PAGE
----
17. Soil application of neonicotinoid insecticides for control of insect pests in wine grape vineyards.

    Science.gov (United States)

    Van Timmeren, Steven; Wise, John C; Isaacs, Rufus

    2012-04-01

    Soil application of systemic neonicotinoid insecticides can provide opportunities for long-term control of insect pests in vineyards, with minimal risk of pesticide drift or worker exposure. This study compared the effectiveness of neonicotinoid insecticides applied via irrigation injection on key early-season and mid-season insect pests of vineyards in the eastern United States. On vines trained to grow on drip irrigation, early-season application of imidacloprid, clothianidin, thiamethoxam and dinotefuran provided high levels of control against the potato leafhopper, Empoasca fabae. Protection of vines against Japanese beetle, Popillia japonica, and grape berry moth, Paralobesia viteana, was also observed after mid-season applications. Efficacy was poor in commercial vineyards when treatments were applied to the soil before irrigation or rain, indicating that vines must be grown with an irrigation system for efficient uptake of the insecticide. In drip-irrigated vineyards, soil-applied neonicotinoids can be used to provide long residual control of either early-season or mid- to late-season foliage pests of vineyards. This approach can reduce the dependence on foliar-applied insecticides, with associated benefits for non-target exposure to workers and natural enemies. Copyright © 2012 Society of Chemical Industry.

  18. Procedures of Laboratory Fumigation for Pest Control with Nitric Oxide Gas.

    Science.gov (United States)

    Liu, Yong-Biao; Yang, Xiangbing; Masuda, Tiffany

    2017-11-24

    Nitric oxide (NO) is a newly discovered fumigant for postharvest pest control. This paper provides detailed protocols for conducting NO fumigation on fresh products and procedures for residue analysis and product quality evaluation. An airtight fumigation chamber containing fresh fruit and vegetables is first flushed with nitrogen (N2) to establish an ultralow oxygen (ULO) environment followed by injection of NO. The fumigation chamber is then kept at a low temperature of 2 - 5 °C for a specified time period necessary to kill a target pest to complete a fumigation treatment. At the end of a fumigation treatment, the fumigation chamber is flushed with N2 to dilute NO prior to opening the chamber to ambient air to prevent the reaction between NO and O2, which produces NO2 and may damage delicate fresh products. At different times after NO fumigation, NO2 in headspace and nitrate and nitrite in liquid samples were measured as residues. Product quality was evaluated after 2 weeks of post-treatment cold storage to determine effects of NO fumigation on product quality. Keeping O2 from reacting with NO is critical to NO fumigation and is an important part of the protocols. Measuring NO levels is challenging and a practical solution is provided. Possible protocol modifications are also suggested for measuring NO levels in the fumigation chambers as well as residues. NO fumigation has the potential to be a practical alternative to methyl bromide fumigation for postharvest pest control on fresh and stored products. This publication is intended to assist other researchers in conducting NO fumigation research for postharvest pest control and accelerating the development of NO fumigation for practical applications.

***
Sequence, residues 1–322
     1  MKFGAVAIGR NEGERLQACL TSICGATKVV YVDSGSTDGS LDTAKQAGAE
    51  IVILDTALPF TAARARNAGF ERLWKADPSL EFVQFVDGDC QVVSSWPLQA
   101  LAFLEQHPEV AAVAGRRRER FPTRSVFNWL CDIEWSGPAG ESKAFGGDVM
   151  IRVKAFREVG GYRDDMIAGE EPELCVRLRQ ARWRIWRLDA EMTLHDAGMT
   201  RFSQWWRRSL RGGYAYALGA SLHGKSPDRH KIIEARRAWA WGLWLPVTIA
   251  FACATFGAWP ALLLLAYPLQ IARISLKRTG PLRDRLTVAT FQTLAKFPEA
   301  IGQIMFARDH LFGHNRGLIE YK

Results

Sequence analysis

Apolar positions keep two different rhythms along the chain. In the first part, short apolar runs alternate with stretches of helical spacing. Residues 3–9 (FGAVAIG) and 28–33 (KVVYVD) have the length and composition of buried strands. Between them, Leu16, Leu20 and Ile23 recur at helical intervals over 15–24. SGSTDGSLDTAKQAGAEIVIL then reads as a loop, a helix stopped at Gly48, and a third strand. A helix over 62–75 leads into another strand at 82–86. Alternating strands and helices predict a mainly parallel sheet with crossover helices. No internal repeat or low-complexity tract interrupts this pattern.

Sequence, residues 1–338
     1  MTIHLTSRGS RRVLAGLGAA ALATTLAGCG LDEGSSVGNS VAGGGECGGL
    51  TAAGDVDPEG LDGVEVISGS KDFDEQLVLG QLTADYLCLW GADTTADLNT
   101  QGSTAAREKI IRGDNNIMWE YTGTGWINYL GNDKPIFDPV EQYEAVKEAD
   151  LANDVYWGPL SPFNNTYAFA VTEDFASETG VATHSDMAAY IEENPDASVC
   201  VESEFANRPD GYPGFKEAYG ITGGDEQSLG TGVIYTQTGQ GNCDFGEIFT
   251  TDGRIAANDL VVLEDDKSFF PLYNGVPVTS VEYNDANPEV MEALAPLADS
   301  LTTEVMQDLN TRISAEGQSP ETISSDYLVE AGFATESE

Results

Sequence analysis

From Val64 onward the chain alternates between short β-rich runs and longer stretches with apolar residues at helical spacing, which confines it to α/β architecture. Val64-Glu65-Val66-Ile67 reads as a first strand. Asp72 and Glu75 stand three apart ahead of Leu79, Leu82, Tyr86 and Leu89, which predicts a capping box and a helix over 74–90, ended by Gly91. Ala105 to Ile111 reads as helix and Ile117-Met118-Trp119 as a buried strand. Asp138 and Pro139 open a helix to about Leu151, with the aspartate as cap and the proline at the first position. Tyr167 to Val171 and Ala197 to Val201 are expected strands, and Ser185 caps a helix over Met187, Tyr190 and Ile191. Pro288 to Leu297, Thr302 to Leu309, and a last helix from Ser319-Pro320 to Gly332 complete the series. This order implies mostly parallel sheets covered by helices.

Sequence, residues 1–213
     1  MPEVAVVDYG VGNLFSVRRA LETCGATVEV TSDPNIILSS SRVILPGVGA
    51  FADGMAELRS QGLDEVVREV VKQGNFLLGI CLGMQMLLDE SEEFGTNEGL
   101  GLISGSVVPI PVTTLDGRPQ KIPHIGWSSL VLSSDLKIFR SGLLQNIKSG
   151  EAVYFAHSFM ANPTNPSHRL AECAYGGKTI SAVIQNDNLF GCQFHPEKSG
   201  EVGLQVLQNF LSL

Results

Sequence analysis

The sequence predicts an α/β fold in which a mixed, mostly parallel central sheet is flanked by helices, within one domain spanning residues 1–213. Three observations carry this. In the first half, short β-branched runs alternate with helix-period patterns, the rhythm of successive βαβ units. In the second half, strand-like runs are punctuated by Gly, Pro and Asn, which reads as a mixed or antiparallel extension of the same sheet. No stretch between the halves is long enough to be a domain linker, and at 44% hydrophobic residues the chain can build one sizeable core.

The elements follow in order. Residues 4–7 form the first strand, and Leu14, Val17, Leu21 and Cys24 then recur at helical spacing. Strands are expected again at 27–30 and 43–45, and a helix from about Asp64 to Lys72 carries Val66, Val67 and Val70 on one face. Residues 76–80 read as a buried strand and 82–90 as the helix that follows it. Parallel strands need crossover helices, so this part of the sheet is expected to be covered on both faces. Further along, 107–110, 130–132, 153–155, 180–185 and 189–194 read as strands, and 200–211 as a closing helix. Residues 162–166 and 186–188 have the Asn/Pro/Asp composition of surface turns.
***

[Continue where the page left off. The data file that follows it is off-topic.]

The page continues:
19. Technology Of Controlled-Environment Agriculture

    Science.gov (United States)

    Bubenheim, David L.; Bates, Maynard E.

    1995-01-01

    Report discusses controlled-environment agriculture (CEA) for commercial production of organisms, whether plants or animals. Practiced in greenhouses to produce food on nonarable lands. Describes conceptual regenerative system that incorporates biological, physical, and chemical processes to support humans in extraterrestrial environments.

  20. Forest nursery pests

    Science.gov (United States)

    Michelle M. Cram; Michelle S. Frank; Katy M. Mallams

    2012-01-01

    This edition of Forest Nursery Pests, Agriculture Handbook No. 680, was made possible by the work of many people from around the country. Contributing authors include U.S. Department of Agriculture, Forest Service and Agricultural Research Service entomologists and pathologists, university professors and researchers, State extension specialists, consultants, and plant...

  1. Polyphagotarsonemus latus (Banks as pest in agricultural crop of economic interest of the municipalities Abreu and Aguada de Pasajeros

    Directory of Open Access Journals (Sweden)

    Leydi Díaz García

    2016-04-01